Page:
Magnolia is one of four senior dogs that the Lake County Animal Shelter needs homes for.
TAVARES – Is there room in your home for a Ladybug? How about a Magnolia?
No, this isn’t about insects or plants. It’s about older dogs that don’t have a home – but very much need one.
The Lake County Animal Shelter is now looking for homes for several senior dogs, including ones they’ve named Magnolia, Ladybug, Shela, and Suki.
Elisha Pappacoda, the public information officer for the Lake County government, which oversees the shelter, said this is a special request at a time when the shelter in Tavares is undergoing some needed changes.
“The shelter is currently undergoing some remodeling, and we have a few special senior pups who would benefit from staying in a comfortable, safe home rather than returning to the kennels at this time,” Pappacoda noted in an email about the adoptions. Continue reading
“Phantasmagoria VIII: The Chains of Fire” makes effect use of some classic tales of madness.
ORLANDO – Classic horror literature, in the minds of many, probably means monsters – Bram Stoker giving us the bloody-sucking terror of his vampire Dracula, or Mary Shelley creating the lumbering hulk made of fresh corpses that becomes “Frankenstein.”
Still, not all writers of long-distant eras felt they needed to invent hideous creatures of the night to scare their readers.
One of the great pleasures of watching the continuing series known as “Phantasmagoria” is their exploration of classic horror literature – tales that this talented cast recreates for their Orlando audience, often with bone-chillingly effective scares.
And now with the eighth installment of the series by actor, director and playwright John DiDonna, “Phantasmagoria VIII: The Chains of Fire,” we have reminders that some of those writers of earlier centuries saw no need for monsters to be lurking in the shadows outside. Our own minds could be much scarier to confront.
Here are two examples: how much fear and anxiety can you generate from …. Teeth and wallpaper?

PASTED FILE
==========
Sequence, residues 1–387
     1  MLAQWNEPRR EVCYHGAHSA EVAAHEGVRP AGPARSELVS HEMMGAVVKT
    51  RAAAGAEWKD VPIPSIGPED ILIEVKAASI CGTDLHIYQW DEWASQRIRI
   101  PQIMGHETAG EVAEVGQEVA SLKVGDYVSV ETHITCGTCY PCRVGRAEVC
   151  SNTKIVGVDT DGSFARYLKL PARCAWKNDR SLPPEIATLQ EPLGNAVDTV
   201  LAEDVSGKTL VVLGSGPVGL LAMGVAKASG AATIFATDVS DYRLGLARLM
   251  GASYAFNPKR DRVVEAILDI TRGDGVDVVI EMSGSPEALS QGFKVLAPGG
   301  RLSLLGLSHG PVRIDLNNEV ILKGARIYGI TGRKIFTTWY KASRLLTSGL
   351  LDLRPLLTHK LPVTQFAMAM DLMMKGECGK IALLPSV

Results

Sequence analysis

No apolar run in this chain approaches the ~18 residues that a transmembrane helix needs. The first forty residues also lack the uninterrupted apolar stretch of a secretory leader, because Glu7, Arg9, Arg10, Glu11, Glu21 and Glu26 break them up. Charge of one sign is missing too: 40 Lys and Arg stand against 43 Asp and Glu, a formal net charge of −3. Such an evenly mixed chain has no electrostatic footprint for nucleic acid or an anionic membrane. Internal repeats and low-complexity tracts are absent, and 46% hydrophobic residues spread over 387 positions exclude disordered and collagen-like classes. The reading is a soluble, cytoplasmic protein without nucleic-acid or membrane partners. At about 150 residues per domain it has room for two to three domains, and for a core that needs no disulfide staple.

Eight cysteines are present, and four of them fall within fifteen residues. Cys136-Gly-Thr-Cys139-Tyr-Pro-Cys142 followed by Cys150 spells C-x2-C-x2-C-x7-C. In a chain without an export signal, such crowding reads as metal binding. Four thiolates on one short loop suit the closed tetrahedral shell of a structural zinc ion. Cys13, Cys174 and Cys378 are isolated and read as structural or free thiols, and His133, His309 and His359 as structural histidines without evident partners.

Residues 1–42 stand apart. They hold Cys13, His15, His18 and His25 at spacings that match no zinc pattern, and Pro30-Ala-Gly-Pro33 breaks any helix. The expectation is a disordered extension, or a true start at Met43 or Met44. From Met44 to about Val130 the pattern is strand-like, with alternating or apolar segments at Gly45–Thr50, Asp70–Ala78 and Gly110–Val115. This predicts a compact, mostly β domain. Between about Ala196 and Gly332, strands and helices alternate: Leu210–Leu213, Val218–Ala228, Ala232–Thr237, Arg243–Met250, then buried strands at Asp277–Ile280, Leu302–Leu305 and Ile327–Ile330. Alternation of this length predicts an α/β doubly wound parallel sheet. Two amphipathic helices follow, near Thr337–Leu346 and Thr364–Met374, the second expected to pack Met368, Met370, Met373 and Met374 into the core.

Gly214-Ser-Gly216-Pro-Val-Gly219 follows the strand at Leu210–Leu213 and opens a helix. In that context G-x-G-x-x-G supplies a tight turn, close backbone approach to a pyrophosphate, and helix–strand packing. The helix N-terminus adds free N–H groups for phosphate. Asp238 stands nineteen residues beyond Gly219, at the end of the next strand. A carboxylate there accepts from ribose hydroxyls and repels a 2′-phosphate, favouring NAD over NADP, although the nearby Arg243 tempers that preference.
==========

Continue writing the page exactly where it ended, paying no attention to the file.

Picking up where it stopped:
Quite a bit, you might be surprised to learn. Continue reading
A Petrified Forest has been scaring Central Florida audiences for years.
ALTAMONTE SPRINGS – There’s a place in Altamonte Springs where people have been known to scream in terror. No, it’s not the fight for a parking space or the long lines at the Altamonte Mall, but an open field on State Road 436.
For those who think the Halloween season is about getting your blood pumping as you nervously walk into the darkness, then quite a few very scary folks are waiting for you to take the terrifying stroll down a “Haunted Scare Trail” known as A Petrified Forest.
Located just before the intersection of U.S. 17/92, this attraction has been scaring people every Halloween season for years now as a highly popular Halloween Community Event. The main attraction is the two Scare Trails, which are both quite long and feature uniquely themed rooms and scares lurking everywhere.
Not surprisingly, as A Petrified Forest has built up a loyal following of folks in love with a good scare, this attractions has grown over the years. This month, it features not just the ghouls waiting to jump out at you, but also an entire night of entertainment with live bands on stage, food concessions, and even Backstage tours (and the chance for you to do some of the scaring as well).
Freeline Media reached out to Sylvia Katherine Viles, the director of A Petrified Forest, for her thoughts on why folks love getting scared, what she does to motivate her performers to be their scariest, and why this is truly a must-see event this month. Continue reading